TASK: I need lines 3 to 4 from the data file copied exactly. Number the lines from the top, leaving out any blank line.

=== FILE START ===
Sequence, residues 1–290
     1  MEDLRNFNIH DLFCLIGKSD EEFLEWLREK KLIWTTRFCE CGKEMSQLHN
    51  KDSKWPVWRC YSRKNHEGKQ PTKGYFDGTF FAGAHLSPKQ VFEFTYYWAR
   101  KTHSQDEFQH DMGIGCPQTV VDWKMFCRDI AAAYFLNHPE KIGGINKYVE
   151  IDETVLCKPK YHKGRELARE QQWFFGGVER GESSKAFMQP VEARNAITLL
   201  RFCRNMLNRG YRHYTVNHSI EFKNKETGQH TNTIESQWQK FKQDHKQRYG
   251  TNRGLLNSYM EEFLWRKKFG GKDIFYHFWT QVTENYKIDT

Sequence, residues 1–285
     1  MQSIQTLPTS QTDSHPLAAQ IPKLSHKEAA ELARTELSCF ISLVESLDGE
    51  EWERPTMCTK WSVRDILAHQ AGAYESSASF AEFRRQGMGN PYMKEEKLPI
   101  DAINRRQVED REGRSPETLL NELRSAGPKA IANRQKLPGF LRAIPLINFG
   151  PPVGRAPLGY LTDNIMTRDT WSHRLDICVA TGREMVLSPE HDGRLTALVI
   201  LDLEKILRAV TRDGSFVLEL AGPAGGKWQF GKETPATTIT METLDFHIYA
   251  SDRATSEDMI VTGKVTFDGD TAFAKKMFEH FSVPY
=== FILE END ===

    51  KDSKWPVWRC YSRKNHEGKQ PTKGYFDGTF FAGAHLSPKQ VFEFTYYWAR
   101  KTHSQDEFQH DMGIGCPQTV VDWKMFCRDI AAAYFLNHPE KIGGINKYVE